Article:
Brewer’s Blackbird

In Defense of a Secret Nest

text and photos by Dan Gleason, © 2008

male Brewer's Backbird

Each spring, innocent pedestrians walk along city streets, unaware that they may soon be attacked by a bird that they had no idea was nearby. Sound like Alfred Hitchcock’s “The Birds” or a low budget TV thriller? Well, it’s really not as sinister as it sounds.

Every year I get calls or see a news story about people being attacked by black birds. Sometimes the avian attacker is so persistent that warnings are posted or, as happened one year, a pedestrian walkway across a street was closed until the birds finished breeding and left. I myself have been the victim of these attacks numerous times, but, unlike most people, I find some pleasure in this event.

The attacker is the Brewer’s Blackbird. For those of you who may be unfamiliar with this bird by name, it is the robin-sized black-colored bird that often can be seen wandering underfoot in  grocery store or shopping mall parking lots. The male has a yellow eye and sleek, glossy black plumage that is an iridescent purple around the head and neck when the sunlight hits it just right. Females are brown and not shiny. People from the East or South may be familiar with grackles which look similar, but Brewer’s Blackbirds are a bit smaller, have smaller beaks and shorter tails than grackles, and grackles are not normally found in Oregon.

Brewer’s Blackbirds generally get little attention – until spring or early summer when they sometimes make their presence known by attacking unsuspecting passersby. Why should this  usually passive and timid bird suddenly turn against us when the warm weather arrives?

In reality, the warm weather has little to do with this annual behavior other than the fact that it coincides with spring and early summer which is the breeding season for most birds, including the Brewer’s Blackbird. A Brewer’s Blackbird has nothing against you personally, for an attack simply means that it has a nest somewhere close by, perhaps in a dense hedge along the sidewalk. The nest is well-concealed, unless you make efforts to find it, but you have made the innocent mistake of walking within a few feet of this hidden nest. Your presence is perceived as a threat to these birds, and, like other threats, such as potential predators, they take it upon themselves to drive away such “enemies.” Both male and female blackbird may attack, but the most aggressive attack usually comes from the male. He is so bold that he may strike people on the head or shoulder. He gives little warning and often strikes even before giving any vocal warning. The human victim, often completely unaware of the bird until struck, usually reacts by ducking down and looking bewilderingly around to see why, and from where, she or he is under attack.

Other birds will defend territory or a nest by attacking things they perceive to be a threat as well. You may have seen a Spotted Towhee or a Song Sparrow repeatedly attacking a window or the shiny hubcap of a parked car. This is a territorital “dispute.” The attacker sees its own reflection in the glass or hubcap and interprets the image as being that of an intruder. It does not recognize itself but merely sees another bird of its own kind that must be driven away. Of course, there is no real intruder so all efforts by the bird are futile, but still he persists, often engaging in this behavior for many days. Once his mate is sitting on her eggs, this behavior usually begins to wane and it will disappear almost entirely when the eggs hatch.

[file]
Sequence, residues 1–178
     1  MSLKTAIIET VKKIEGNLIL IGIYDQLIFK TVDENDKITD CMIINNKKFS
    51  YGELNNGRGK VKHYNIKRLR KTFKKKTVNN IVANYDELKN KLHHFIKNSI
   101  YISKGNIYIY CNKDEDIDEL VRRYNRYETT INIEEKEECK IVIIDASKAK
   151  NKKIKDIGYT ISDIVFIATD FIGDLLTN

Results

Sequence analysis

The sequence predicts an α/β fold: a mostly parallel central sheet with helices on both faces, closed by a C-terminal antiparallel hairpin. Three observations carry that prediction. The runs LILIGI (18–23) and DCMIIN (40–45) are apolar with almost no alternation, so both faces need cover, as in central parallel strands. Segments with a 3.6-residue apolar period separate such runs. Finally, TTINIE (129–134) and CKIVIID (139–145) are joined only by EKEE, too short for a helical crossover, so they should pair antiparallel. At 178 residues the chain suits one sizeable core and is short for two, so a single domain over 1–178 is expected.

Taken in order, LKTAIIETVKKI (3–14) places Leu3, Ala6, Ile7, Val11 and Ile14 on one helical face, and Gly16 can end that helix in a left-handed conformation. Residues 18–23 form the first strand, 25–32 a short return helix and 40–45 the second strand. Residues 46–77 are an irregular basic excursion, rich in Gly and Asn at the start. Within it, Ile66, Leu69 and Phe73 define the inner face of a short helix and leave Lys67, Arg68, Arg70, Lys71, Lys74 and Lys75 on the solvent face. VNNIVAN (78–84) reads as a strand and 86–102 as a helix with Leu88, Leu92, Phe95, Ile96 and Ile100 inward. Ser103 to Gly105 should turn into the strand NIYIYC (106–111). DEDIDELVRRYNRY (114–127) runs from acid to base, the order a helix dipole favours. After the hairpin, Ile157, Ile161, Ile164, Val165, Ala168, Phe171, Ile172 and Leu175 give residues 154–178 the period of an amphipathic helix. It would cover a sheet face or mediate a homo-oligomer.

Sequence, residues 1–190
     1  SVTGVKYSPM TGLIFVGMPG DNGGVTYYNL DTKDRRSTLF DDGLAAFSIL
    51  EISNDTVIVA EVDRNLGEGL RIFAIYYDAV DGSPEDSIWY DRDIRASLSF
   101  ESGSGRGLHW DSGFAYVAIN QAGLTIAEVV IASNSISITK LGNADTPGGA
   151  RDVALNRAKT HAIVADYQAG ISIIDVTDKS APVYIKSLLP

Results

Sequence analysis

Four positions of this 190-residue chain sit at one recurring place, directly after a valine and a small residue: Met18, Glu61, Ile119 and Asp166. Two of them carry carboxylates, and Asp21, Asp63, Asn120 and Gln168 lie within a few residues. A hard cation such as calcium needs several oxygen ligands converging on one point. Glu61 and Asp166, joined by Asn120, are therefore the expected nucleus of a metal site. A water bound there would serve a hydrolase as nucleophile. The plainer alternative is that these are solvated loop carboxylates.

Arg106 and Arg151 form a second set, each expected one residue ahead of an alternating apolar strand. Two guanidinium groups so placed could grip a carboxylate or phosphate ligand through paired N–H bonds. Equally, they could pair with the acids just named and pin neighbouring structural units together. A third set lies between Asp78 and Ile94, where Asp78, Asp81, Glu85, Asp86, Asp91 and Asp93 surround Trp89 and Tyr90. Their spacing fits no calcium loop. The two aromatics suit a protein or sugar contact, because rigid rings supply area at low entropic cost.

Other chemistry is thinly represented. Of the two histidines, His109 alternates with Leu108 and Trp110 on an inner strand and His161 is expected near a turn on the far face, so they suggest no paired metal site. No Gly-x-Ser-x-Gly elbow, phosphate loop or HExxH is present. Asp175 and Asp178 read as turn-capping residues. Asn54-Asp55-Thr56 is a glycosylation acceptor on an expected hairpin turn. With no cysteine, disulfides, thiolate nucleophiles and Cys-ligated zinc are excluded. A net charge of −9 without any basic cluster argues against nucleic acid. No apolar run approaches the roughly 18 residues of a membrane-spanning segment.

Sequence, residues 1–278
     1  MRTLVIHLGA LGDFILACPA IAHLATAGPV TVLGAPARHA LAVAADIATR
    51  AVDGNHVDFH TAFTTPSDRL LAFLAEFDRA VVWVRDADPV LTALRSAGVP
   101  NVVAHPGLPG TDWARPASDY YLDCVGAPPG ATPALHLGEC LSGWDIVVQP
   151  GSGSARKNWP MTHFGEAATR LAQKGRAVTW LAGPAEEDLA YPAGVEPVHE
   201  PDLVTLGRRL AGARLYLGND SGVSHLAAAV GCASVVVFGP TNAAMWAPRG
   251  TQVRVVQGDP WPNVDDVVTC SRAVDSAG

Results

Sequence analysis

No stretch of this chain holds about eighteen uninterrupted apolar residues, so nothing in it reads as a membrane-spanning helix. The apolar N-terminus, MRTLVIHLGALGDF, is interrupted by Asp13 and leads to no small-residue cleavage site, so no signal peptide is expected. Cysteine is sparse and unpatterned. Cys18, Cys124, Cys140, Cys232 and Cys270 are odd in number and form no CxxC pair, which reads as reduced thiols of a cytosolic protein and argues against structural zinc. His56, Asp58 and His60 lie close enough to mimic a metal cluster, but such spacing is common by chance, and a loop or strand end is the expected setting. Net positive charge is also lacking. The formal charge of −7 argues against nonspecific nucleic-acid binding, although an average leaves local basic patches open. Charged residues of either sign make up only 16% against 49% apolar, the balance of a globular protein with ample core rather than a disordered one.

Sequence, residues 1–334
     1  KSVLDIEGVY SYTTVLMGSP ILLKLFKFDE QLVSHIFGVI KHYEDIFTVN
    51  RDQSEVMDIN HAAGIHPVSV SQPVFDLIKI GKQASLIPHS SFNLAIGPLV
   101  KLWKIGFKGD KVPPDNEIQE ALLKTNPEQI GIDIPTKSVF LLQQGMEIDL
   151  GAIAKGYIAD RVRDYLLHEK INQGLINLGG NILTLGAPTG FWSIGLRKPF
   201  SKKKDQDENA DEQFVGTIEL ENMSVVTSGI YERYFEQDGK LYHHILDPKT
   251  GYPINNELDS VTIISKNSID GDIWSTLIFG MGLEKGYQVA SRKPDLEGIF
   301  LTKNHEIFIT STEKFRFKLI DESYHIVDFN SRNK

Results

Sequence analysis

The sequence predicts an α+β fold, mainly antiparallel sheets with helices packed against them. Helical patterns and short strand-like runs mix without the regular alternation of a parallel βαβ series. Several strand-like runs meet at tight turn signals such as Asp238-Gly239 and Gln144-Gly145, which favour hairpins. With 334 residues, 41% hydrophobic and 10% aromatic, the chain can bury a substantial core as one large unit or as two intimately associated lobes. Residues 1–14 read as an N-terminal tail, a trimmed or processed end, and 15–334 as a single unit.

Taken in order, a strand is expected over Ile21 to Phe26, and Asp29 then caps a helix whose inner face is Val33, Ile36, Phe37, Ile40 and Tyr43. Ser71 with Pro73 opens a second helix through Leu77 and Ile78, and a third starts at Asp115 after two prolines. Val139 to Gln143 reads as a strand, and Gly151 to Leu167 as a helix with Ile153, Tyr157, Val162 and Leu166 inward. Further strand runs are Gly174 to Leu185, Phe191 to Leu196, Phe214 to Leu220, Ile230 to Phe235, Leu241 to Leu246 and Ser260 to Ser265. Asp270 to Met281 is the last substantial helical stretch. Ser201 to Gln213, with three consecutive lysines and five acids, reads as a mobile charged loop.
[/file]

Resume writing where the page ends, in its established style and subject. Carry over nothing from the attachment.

Intruders of many kinds are driven away, or attempts are made to do so,by many birds. Crows attack hawks and other predators, but they also attack anything that is larger than themselves. Many kinds of blackbirds do the same thing. Red-winged Blackbirds chase crows, hawks, vultures, and even Great Blue Herons are not spared from such attacks. But around human habitations, it is the Brewer’s Blackbird that is most noted for attacking people. Or maybe we just notice it more because we are often the ones being innocently attacked.

Human reactions to these attacks are quite varied. Some people shriek, and run away, covering their head with their coat, purse or whatever is available. Others swat at the bird to defend themselves from further attack. A few people laugh at one small creature’s attempt to drive away another creature so much larger than itself.

For my part, I am often surprised, but I smile and find pleasure in this encounter and admire the boldness of this bird in protecting his mate and her eggs or young. It is this tone that I try to convey whenever I am called and asked, “What do we do about these birds that are attacking people?” I urge the callers to appreciate this small, natural drama played out in our urban environment. I want people to admire this bird and its commitment to parenthood and to realize that, while the attack is a surprise, it is seldom more than that. The bird may often physically strike you but it rarely does any damage. In the many times I have been struck by a blackbird, never has a bird so much as broken my skin. At worse, it may have misplaced a few hairs…but less than a good breeze would do. It certainly can be intimidating, especially to small children, but there is very little real danger. If the nest is near a busy portion of the sidewalk, we may need to redirect pedestrians for a few weeks (and maybe educate them about this event) but there is never any reason to displace the birds. Soon enough, they will have raised their young and once again be those shy and gentle birds that wander around your local parking lots.

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